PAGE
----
Monday, September 5, 2011

Opinion Piece Irish Independent 05/09/2011

Though it comes as no surprise, the statement from the Holy See this weekend is indeed a technical legalistic carefully crafted document which seeks to absolve the Cardinals and Bishops of the Vatican of any responsibility for the cover up of the sexual abuse of children by Catholic priests. That cover up of course didn’t just occur in Cloyne. Or Dublin. That culture of cover up, despite its horrendous consequences, is typical of a culture of cover up that existed throughout the Catholic Church in Ireland for decades. And not just in Ireland of course.

A grand jury investigation into Catholic Archdiocese of Philadelphia reported in 2005 that the strategies employed by Catholic hierarchy there to cover up the sexual abuse of children were so similar in nature to tactics reported from other dioceses around the United States that it amounted to the Catholic Church having employed well-orchestrated strategies for decades and in all parts of the United States to keep abusing priests in ministry while minimising the risk of scandal or legal liability.

There have been similar reports too from many European countries over the last few years, including from Germany where Pope Benedict, as Archbishop of Munich, covered up for a priest in 1980. Sadly, as is often the case when abusers are protected, that priest went on to sexually abuse again and was eventually convicted.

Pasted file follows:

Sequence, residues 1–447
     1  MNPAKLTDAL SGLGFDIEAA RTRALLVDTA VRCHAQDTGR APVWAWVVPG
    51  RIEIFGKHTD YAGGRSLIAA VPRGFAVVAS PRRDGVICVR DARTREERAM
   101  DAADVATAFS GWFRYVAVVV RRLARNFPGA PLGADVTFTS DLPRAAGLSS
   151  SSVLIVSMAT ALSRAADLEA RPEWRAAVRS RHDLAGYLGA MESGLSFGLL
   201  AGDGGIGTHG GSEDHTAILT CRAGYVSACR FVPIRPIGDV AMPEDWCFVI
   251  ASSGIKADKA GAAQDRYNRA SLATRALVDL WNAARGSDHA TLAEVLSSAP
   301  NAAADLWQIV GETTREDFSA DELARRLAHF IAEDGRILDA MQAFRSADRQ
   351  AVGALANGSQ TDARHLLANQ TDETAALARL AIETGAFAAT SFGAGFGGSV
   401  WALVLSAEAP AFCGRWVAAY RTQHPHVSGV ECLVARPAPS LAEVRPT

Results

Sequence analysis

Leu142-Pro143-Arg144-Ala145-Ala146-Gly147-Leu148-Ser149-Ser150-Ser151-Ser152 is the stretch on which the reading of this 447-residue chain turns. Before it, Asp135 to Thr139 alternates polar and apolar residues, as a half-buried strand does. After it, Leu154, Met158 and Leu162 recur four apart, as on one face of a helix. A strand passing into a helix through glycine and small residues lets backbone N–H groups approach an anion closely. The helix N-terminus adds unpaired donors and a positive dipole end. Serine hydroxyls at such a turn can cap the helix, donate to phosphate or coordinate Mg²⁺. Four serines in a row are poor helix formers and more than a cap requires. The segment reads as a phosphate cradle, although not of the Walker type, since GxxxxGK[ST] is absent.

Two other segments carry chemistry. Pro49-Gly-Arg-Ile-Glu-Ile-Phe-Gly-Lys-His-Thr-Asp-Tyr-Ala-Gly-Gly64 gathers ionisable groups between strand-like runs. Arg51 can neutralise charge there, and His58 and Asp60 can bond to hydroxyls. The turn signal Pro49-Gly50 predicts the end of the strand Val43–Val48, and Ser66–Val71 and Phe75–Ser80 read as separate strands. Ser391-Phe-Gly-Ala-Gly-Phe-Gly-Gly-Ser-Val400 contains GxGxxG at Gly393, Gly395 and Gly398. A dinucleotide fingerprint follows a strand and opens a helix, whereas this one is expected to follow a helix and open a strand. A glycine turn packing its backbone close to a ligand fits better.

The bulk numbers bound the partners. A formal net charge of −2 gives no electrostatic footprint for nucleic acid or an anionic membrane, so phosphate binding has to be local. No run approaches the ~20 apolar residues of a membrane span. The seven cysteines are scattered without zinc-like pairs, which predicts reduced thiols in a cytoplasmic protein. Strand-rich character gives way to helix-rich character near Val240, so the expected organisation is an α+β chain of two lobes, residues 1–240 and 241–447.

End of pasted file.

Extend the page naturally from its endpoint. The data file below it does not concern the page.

In addition to the commonality of practice Cardinals and Bishops engaged in to cover up known child sexual abuse and protect the abusers, there are the 1962 and 2001 Vatican documents instructing Bishops around the world to conduct investigations into allegations of child sexual abuse in secret.

In addition, in respect of Ireland, there is the 1997 letter from the Congregation of the Clergy in the Vatican to the Irish Catholic Bishops which makes it very clear that reporting of any suspected sexual abuse of children to civil authorities gives rise to serious reservations of a canonical nature and that the procedures established by the Code of Canon Law must instead be meticulously followed. The Holy See’s insistence in its statement this weekend that that letter did not serve to deter any bishops from reporting of allegations to civil authorities is simply not true. And no amount of dishonest spin changes that fact.

Though it was clearly wrong for the Vatican to attempt to deter members of the Irish Catholic hierarchy from reporting to civil authorities they really needn’t have bothered because what was newly revealed in the Holy See statement was the fact that Irish Catholic Bishops didn’t take the child protection guidelines any more seriously than the Vatican did in the first place. We are told that Cardinals Daly and Connell clearly understood the difference between a document of the Irish Bishops’ Conference and a document of the Irish Catholic Bishops’ Advisory Committee on Child Sexual Abuse by Priests and Religious: they can ignore the latter.

Disingenuous of them not to have made that clear to the rest of us in 1996 when they deliberately gave the impression that from then on, in all cases where it was known or suspected that the sexual abuse of a child had taken place, they would report it to the civil authorities.

And now, instead of a Catholic hierarchy here and in the Vatican explaining to us why anyone should ever believe a word they say ever again, or ever trust them on the issue of child protection, they seem to think the duly elected leader of our country now owes them an explanation for some of the comments he made during his speech in the Dail following publication of the Cloyne Report.